Batman #19: Bruce Wayne Off The Rails

Batman #19


It’s so nice when we get a chance to breathe. Since before the New 52, the life of Batman, though split between Dick Grayson and Bruce Wayne, has been one hectic battle after another. Grayson battled James Gordon Jr., serial killer extraordinaire, then Bruce took on the Court of Owls and, of course, the Joker. Writer Scott Snyder has penned some of the best Batman stories ever. Soon he will reveal his latest opus, Batman Zero Year. For now though, we get a little breather from the chaos.

This is not to say Batman #19 is Bruce on vacation – just that the story is a smaller mystery, something a little less epic. Snyder does what he does best, he hooks us from the get go. Batman #19 opens with Bruce Wayne robbing a bank and shooting Commissioner Gordon. Right then and there, we know the mystery has begun. Who is this really? Why Bruce Wayne, and why the nod that this criminal might know Wayne’s secret? As soon as we’re hooked, Snyder begins to unravel the mystery.

I have to stop right here to give a nod to Snyder on the whole Damian thing. Grant Morrison once again proved how much he sucks when it comes to writing Batman by killing off Damian Wayne in an obvious glory move. Killing Damian did nothing to enhance the Batman mythos, it just allowed Morrison to continue believing he’s “edgy.” All the other Bat-mags have gone way, way over the top on Batman’s psychological breakdown (check the latest issue of Batman & Robin if you don’t believe me). Snyder approaches it differently and, in the mind of somebody who has been reading Batman since the age of seven, perfectly. It’s a simple scene between the Dark Knight and Alfred. Eloquent, concise and wonderful.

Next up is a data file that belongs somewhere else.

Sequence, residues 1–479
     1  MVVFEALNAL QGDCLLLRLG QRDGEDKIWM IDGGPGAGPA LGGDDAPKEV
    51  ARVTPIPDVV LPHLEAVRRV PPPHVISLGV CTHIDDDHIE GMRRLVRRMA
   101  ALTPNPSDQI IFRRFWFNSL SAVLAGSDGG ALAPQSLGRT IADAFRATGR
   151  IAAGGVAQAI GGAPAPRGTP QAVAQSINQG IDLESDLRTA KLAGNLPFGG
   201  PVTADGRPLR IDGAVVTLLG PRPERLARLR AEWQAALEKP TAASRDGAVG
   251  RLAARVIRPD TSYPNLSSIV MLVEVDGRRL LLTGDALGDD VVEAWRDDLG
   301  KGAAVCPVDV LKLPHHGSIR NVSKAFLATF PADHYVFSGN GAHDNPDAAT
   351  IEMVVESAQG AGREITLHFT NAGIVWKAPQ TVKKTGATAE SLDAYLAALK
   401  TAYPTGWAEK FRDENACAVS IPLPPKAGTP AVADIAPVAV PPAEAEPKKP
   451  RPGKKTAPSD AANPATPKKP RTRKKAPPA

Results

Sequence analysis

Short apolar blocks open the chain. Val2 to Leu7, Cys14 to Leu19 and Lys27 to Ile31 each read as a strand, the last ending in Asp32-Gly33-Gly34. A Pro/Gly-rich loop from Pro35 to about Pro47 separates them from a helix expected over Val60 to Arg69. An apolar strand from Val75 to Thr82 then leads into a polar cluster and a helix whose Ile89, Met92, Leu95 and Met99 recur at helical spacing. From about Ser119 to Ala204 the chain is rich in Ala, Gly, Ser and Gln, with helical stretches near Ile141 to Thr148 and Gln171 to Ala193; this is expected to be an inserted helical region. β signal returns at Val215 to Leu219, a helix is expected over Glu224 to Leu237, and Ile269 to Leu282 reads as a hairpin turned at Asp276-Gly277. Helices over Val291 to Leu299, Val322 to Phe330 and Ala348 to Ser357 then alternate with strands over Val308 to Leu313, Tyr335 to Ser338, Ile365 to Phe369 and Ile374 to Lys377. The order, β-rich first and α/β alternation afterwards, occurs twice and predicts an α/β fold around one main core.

From there, Batman #19 spirals into a dark story involving apparent suicide, murder and the return of Clayface. Does the master of mimicry have something to do with the opening scene? Pretty safe bet there. Snyder keeps the story moving at a brisk pace. You can sense he’s having as much fun writing this as we are reading it. Everybody loves a sublime and layered story arc, but a good old-fashioned Batman adventure is always welcome.

Greg Capullo’s art is first rate as always. His Reaper in this issue is classic, and though he eases back of the noir elements the Joker story called for, Capullo has replaced it with a brightness and speed to what he’s doing. Capullo matches the pace of his art with Snyder’s story. As with every issue, Capullo uses the whole page. His panel placement, scale, backgrounds and foreground action all blend to capture the best aspects of the story.

Danny Miki’s inks are a nice touch, and really subtle. With Capullo’s work, heavy inks could really tip the balance of the scene. Miki understands how Capullo pencils and inks accordingly. They firm up the work, give it weight, but never overshadow it. FCO Plascencia’s colors are also well executed, especially Clayface and the battle with the Reaper.

Batman #19 may not be an epic story arc, but it process Scott Snyder and Greg Capullo can tell any Batman story, in any style, and make it sing.


(4 Story, 4 Art)